• Wenger got Rimando’d on a great early chance and should of had a great assist. he needs to prove that he can be consistent but he will have a few magical moments every game. I hate to agree, butif Le Toux doesn’t improve quickly we have to explore other options. Did anyone else think that he was totally on side when he got flagged in the 2nd half in one v. one on Rimando?

  8. OneManWolfpack says:

    How the hell does Chapman not get negative numbers?! Just curious… and yeah I’m still pissed.

    • Eli Pearlman-Storch says:

      The scale is 1-10, Wolfpack. Just because I changed the name of the rating (disappointed no one commented on that), does not mean I am willing to sully the integrity of the 1-10 scale! Besides it is week 2. We haven’t even seen Hilario Grajeda or Jorge Gonzalez yet. What wonders they have in store for us, we may only guess. They might be worse though. It is entirely (and terrifyingly) possible.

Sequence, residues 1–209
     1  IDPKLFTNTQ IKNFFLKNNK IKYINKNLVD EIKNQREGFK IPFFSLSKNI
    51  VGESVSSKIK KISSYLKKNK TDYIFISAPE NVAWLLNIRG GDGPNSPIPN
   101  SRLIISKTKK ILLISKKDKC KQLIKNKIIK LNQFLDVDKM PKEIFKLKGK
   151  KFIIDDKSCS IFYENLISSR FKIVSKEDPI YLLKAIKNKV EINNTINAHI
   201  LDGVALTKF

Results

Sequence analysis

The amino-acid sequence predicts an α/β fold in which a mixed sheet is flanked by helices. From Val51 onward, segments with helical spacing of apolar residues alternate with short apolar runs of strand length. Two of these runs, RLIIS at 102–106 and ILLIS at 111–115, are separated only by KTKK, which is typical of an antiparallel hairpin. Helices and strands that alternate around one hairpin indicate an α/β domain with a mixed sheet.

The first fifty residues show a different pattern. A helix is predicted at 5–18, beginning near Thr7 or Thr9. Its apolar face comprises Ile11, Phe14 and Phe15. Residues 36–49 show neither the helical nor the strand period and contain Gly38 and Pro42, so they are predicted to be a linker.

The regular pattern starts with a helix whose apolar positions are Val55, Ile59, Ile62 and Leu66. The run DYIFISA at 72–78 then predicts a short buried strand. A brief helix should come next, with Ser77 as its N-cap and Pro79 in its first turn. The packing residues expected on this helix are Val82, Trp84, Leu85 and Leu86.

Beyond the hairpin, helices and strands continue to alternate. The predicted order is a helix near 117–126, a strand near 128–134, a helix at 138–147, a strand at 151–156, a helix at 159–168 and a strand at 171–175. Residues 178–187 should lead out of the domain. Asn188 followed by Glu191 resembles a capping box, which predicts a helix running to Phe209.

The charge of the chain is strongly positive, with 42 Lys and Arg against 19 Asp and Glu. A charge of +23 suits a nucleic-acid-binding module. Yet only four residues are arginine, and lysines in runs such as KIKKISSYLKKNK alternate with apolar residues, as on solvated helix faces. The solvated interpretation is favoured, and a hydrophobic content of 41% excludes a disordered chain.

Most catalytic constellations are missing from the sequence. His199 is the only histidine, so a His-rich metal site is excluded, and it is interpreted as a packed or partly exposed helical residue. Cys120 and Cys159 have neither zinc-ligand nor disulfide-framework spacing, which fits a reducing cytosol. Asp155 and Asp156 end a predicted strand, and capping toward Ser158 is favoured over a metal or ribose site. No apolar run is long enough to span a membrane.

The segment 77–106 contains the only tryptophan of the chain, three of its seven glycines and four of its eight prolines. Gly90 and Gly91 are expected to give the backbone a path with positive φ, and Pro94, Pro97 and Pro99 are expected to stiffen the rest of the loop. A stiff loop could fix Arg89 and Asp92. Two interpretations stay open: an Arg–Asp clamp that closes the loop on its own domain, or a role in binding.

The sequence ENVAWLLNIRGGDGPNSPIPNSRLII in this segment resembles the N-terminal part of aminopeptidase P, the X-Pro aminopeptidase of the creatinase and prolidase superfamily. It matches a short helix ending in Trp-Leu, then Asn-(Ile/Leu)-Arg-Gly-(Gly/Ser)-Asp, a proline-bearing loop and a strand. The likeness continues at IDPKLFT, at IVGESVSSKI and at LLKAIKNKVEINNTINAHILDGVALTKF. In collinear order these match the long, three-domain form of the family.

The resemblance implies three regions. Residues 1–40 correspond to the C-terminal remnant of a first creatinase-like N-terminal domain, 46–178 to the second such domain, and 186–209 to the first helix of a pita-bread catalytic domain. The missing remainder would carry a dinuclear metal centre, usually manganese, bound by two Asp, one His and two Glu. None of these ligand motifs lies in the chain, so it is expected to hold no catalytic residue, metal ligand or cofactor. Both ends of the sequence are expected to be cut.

• Has anyone in the history of soccer made such a momentous climb in less time than Mark Geiger? A few years ago he gets the Geiger Counter named after him. He then goes on to get some prestigious assignments, culminating in some World Cup experiences where he more than held his own. Then a debate about renaming the Geiger Counter last season because he had become too good of a referee. Now? Is there anyone here who’s not hoping we’re fortunate enough to get him for our next game?

      • He still sucks. 😉

      • Probably true, but sadly, I’d love to see his name next to PHI vs. DAL this weekend.